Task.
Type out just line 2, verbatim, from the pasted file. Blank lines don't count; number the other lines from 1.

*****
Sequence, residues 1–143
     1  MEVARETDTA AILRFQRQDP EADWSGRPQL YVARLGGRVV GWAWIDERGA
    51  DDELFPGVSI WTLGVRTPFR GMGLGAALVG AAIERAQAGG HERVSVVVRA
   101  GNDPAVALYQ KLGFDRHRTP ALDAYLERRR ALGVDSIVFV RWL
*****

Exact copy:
     1  MEVARETDTA AILRFQRQDP EADWSGRPQL YVARLGGRVV GWAWIDERGA